"Jakes has caught a pop-psychology wave, and that explains a lot of his popularity," says Deborah Kovach Caldwell, who covered the preacher's ministry when she was a religion reporter at The Dallas Morning News. "He's the perfect preacher for [today's society]. He taps into the recovery movement, he's appealing to a multiracial audience, and he's a Pentecostal pastor who preaches with intensity."
That Jakes has also been theologically flexible may be another reason for his widespread appeal. Though he is a bishop with Higher Ground Always Abounding Assemblies—a black Oneness Pentecostal denomination teaching doctrines that would trouble many evangelicals [see "Apologetics Journal Criticizes Jakes," p. 58]—his books and tapes are distributed widely in evangelical circles.
The Assemblies of God expelled Oneness Pentecostals in 1917 because of conflicts on two issues. First, Oneness Pentecostals pushed a different wording of baptism. Citing Acts 2:38, they insisted that people should baptize only in Jesus' name. Second, they developed a theology that many evangelicals would say is akin to the heresy of monism: that the Godhead is only Jesus—the Son trumps both the Father and the Spirit.
Jakes says he respects his roots and doesn't want to eschew them just because of his celebrity status, but he no longer emphasizes his denominational ties, and many of his closest ministry colleagues come from different theological perspectives. Though many Oneness Pentecostals continue to follow him, Jakes has expanded his theological language to include a more Trinitarian view of the Godhead. When you can pin him down, he'll say he usually baptizes in the name of the Father, Son, and Holy Ghost, though he admits when he's with Oneness folks, he will baptize in Jesus' name alone.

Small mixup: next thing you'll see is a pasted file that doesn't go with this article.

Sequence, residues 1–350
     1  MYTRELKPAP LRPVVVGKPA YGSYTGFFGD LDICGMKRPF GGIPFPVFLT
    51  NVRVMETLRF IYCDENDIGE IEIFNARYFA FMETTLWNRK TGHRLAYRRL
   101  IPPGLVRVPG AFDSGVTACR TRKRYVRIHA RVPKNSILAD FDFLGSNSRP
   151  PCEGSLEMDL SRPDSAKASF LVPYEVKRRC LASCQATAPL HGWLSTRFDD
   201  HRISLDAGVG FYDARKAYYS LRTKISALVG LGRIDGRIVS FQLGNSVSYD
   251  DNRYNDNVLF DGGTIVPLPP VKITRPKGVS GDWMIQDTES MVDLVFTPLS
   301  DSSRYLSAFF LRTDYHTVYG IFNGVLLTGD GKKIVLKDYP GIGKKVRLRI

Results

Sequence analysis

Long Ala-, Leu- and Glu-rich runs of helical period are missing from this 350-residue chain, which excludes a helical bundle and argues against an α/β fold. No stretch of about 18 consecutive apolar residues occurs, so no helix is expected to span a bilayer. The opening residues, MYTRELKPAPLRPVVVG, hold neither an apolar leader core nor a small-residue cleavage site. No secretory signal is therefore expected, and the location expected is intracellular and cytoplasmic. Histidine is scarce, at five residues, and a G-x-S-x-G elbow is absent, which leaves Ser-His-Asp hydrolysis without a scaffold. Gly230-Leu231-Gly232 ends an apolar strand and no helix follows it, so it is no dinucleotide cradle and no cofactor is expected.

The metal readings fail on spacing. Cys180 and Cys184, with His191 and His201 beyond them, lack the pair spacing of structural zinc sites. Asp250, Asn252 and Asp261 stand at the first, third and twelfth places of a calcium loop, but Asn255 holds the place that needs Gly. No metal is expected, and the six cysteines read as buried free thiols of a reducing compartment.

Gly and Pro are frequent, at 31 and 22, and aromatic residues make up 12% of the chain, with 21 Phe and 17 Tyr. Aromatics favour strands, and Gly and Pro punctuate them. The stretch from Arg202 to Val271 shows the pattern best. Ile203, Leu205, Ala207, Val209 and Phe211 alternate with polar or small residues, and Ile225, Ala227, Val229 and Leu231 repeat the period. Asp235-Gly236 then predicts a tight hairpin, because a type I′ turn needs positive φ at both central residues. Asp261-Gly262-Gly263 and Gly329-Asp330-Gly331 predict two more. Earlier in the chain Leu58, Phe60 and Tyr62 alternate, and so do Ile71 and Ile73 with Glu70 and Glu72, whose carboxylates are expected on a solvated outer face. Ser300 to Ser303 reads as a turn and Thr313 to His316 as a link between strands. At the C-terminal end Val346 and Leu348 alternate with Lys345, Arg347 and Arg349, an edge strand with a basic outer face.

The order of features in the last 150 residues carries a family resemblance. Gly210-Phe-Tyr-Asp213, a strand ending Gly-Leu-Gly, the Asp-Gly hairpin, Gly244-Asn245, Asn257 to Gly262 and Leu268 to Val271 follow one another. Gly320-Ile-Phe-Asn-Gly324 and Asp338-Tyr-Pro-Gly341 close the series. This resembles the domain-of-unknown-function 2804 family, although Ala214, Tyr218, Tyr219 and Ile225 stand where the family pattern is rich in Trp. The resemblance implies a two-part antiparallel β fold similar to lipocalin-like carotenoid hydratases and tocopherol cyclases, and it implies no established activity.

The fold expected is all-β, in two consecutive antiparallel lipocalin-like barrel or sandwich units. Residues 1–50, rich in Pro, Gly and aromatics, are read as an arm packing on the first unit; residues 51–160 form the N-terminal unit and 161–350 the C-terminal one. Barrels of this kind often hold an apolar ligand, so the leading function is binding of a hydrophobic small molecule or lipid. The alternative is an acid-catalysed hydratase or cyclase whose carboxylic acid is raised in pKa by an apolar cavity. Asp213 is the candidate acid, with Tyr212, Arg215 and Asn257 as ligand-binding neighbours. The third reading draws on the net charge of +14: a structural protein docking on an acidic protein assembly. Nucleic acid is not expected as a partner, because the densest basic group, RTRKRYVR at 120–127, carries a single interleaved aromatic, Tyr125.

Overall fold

Some observers, like Charisma editor J. Lee Grady, note that African-American Oneness groups are not as "strident or exclusive" as the predominantly white United Pentecostal Church. Still, one wonders whether Jakes's theological changes reflect genuine convictions, or an attempt to reach a broader audience.
Jakes's core audience clearly has no qualms about the man's doctrinal ambiguities. For his admirers, whether Jakes invokes the Trinity or the name of Christ alone when baptizing has little to do with the heart of his message of inner healing and empowerment.
The gravy on his grits
When asked to explain how Jakes has attracted so many female fans, his parishioners usually credit Serita. P'Gail Betton, a member of Potter's House, says Jakes is popular with women because of the way he praises his wife. "I am a divorced mother of a 7-year-old," she says, "and I like to see a man who loves his wife. Bishop Jakes hardly ever gives a sermon where he doesn't talk about how wonderful his wife is. Every woman wants to see a man doing that."
Serita Jakes—who published her first book, The Princess Within, last July—contributes to Potter's House in her own right. "She's the butter in my biscuit. She's the gravy on my grits," Jakes says of his wife, known as the First Lady to the 18,000 members of Potter's House. "She's essential to the running of this place."